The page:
Shane Olguin
October 5th, 2008, 08:36
Hey Broham,

If you would like to model in a clean stall break, try increasing pitch moment at a given AoA for your stall. Remember, 1 degree = .01747 radians on this table. It's table 473. Here's an example attached.

fliger747
October 5th, 2008, 09:45
Good info Shane!

Paul: Do you have Airfile Manager? It will give a graphic presentation such as Shane has shown above and allow you to enter base ten numbers, rather than having to directly use hex. However, any direct airfile mods must be done after your final efforts in Airwrench as it always goes through complete computations. However as an exception to this, if you do have some table mods that you like, you can save the copy of the airfile and copy the appropriate tables back into the active airfile using Aired.

The effect on the stall break of the CG height is not as pronounced as the airfoil charcteristics, however in My Supercub, the stall break is noticably different on floats as oppose to wheels or skis. With a low CG the CG also moves forward as the AOA increases, giving a more noticable increase in required elevator force for a given attitude and a more active stall break.

They only let us stall the 747 in the sim.... So I can't comment on it too much!

Cheers: T.

PRB
October 5th, 2008, 10:31
Thanks, Shane. Iíll have to try that.

Tom, I have Airfile Manager, but it wonít install on this machine (WinXP x64). I sort of stumbled on exactly the technique you described: Work first with AirWrench, get it as close as possible, then tweak things in the individual tables using AirEd. Sometimes I have to steal some of those tables from other planes, since when the air file comes out of AirWrench, some of the tables are no longer editable.

fliger747
October 5th, 2008, 16:14
Interesting. I have Airfile manager on both an XP-64 machine and a Vista machine. It does visually vibrate on the Vista machine and can be really pokey.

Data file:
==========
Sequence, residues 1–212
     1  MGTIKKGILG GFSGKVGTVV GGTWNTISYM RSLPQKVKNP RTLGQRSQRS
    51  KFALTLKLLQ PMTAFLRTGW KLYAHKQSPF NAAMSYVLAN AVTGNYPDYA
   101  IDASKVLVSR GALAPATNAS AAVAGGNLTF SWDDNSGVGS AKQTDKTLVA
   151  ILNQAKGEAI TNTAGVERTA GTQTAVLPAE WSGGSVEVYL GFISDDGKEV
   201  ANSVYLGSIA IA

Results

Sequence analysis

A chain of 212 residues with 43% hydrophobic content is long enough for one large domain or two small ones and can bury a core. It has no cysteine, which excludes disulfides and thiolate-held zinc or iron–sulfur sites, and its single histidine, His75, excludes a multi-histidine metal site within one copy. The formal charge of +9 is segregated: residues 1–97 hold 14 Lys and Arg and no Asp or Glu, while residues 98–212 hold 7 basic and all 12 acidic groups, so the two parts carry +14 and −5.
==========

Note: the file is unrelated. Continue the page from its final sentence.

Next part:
Cheers: T.

Shane Olguin
October 6th, 2008, 16:53
T,

If you manually adjust the view windows (the black windows) a bit you'll find that it stabilizes the flashing windows. It's an issue with Vista display drivers. If you need more detailed help on how to do this let me know. You can get it to stop. ;-)

fliger747
October 6th, 2008, 19:18
Shane: Thanks, it's been an irritation, not totally disabling the program, but certainly an obstacle. A question? Is it possible to add data points? Some tables would benefit from another waypoint or two.

Cheers: t.

sparks
October 6th, 2008, 20:39
Shane: Thanks, it's been an irritation, not totally disabling the program, but certainly an obstacle. A question? Is it possible to add data points? Some tables would benefit from another waypoint or two.

Cheers: t.

CL-AoA and CM-AoA can go up to 47 points each, but the stability coefficient tables are very limited. A good rule of thumb is do not exceed what the stock files are using, otherwise FS may crash or refuse to load the air file.

AirEd will generally edit any length table, it all depends on the definitions in it's ini file. Same for AAM, which uses the same ini format as AirEd.

Shane Olguin
October 9th, 2008, 17:20
If you want to add data points you'll probably need to use AirUpdate. What I do is use AirUpdate to dump the entire .air file, then I go in and transfer the table I want to add stuff to into an Excel spreadsheet and do my work there. When it's done I cut and paste the stuff back onto the dumped .air text file and update. As long as you adhere to the recommendations Sparks made about not adding too many data points to certain tables, you're good to go.

fliger747
October 9th, 2008, 17:33
Thanks Shane: Possibly adding at most two data points.

T.